The devil is in the detail. I’ve always loved Propertius, but from a distance; I’m not a good enough classicist to appreciate him fully. But Colin Burrow is — a man of many parts! For my recent post about Stanley Cavell, I looked up Burrow’s piece in the LRB online, not having the magazine itself to hand, and so I flicked through his recent appearances there. It’s to Burrow that one friend of mine owes the raunchy Catullus translation I gave him a year or two ago, and then, well, there was Propertius. I:3 is a particular personal favourite. The poet returns to Cynthia, late in the night, and puts his wreath from the party in her hair, and rolls apples (perhaps they are apples) from the banquet down her sleeping form; these drunken impertinences don’t wake her, but as the moon with its soft rays works its way round the windows to Cynthia’s eyes, she is roused, and tells him off for his carousing. Here is the central stretch of the poem, about the apples and the moonlight (translations are abundant, online and in print, though always problematic):
sed sic intentis haerebam fixus ocellis, Argus ut ignotis cornibus Inachidos: et modo soluebam nostro de fronte corollas ponebamque tuis, Cynthia, temporibus; et modo gaudebam lapsos formare capillos, nunc furtiva cavis poma dabam manibus; omniaque ingrato largibar munera somno, munera de prono saepe voluta sinu. et quotiens raro duxit suspiria motu, obstupui vano credulus auspicio, ne qua tibi insolitos portarent visa timores, neve quis invitam cogeret esse suam: donec diversas praecurrens luna fenestras, luna moraturis sedula luminibus, compositos levibus radiis patefecit ocellos. ll. 19-33
Propertius is difficult because his writing is subtle and ambiguous; the problem is naturally compounded by the poor state of the text. The impulse to emend the reading to make more sense runs at cross purposes with that subtlety; a third problem is we don’t enjoy a native feel for the resonances of words, which must be argued for by examples of usage, in other texts. Between these tensions, actual literary appreciation easily gets lost, but Burrow knows how to hang on to the thread. He discusses a conjecture for line 26 (just before the line break I have inserted, following the text of Hodge and Buttimore’s edition): to replace the awkward repetition of ‘munera’ with ‘malaque’. Here is Burrow:
Heyworth emends the suspiciously repeated word for ‘gifts’, munera, to malaque (‘and apples’), and that one change shifts the entire focus of the scene. It makes the breast (sinus can refer to the fold in the toga used as a pocket or to the breast itself) from which the apples roll clearly Cynthia’s, and so that must have been where Propertius put them. That means it must have been his, not her, curved hands that held them. It’s wonderfully clear.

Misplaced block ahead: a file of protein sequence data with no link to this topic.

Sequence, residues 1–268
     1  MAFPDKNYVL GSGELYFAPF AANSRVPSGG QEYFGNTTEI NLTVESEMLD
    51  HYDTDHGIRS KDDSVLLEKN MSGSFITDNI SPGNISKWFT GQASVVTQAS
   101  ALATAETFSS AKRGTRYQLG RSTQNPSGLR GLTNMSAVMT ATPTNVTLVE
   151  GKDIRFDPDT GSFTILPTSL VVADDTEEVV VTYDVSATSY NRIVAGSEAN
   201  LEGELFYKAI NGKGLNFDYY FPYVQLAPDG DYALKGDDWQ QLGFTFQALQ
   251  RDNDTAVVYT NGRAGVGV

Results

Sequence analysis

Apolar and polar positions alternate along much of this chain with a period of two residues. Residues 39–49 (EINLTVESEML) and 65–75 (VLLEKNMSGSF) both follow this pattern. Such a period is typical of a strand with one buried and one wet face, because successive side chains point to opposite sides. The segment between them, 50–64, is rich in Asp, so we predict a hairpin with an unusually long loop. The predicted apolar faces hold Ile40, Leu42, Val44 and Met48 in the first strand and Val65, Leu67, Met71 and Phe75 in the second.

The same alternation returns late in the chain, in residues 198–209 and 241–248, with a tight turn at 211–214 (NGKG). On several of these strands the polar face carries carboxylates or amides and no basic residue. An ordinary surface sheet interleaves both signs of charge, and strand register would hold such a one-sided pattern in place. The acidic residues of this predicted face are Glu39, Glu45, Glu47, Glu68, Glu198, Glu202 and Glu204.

But editors are sober beings. Propertius here is so far from sober that he can barely stand. Isn’t it possible that part of the poetic point of the unamended text is that he’s not really sure whose hand is whose or where the apples are or who the gifts are rolling off, or whether the gifts are the apples or the bouquet or other stuff he has put in either his or her sinus or bosom? Clarity in a translation or in an edited text of a poem isn’t always simply a virtue. The hardest kind of text to translate is one like Propertius’, where you’re not only not quite sure what it means but where you might have a slight suspicion that being not quite sure what it means is part of its point.
The second hardest kind of text to translate is one where you simply can’t fix the tone of voice. And that’s Propertius too. He likes to do big voices and generate gravity, and then erotically twinkle around the gravity.LRB, vol. 41:5, 7.iii.2019
‘Poma’ are just fruit, while ‘mala’ are specifically apples — that’s a repetition too, though one that sharpens the focus. It may count against the emendation that a few lines below, Propertius also repeats ‘luna’ (the moon), which unlike the purloined peaches or whatever they were, wakes Cynthia up; Propertius’s manner tolerates the repetition, which by occurring twice, perhaps even affords an echo . That’s the passage that struck me as so beautiful when I first read this poem as a teenager. It too is variously interpreted (is it other people’s windows the moon hastens past in its eagerness to reach Cynthia, or does it come in at different windows in the bedroom), but the contrast between that friskiness and the assiduous lingering touch that stirs her — gently! not like her lover — is pure poetry. Burrow is an optimist about the possibilities of making sense of these poems. It’s that leap from the difficulty to the idea that that’s the point. In this passage, it provides a fruitful reading of what the poet is saying about sex. Isn’t the whole point that it is not terribly clear which bits are whose?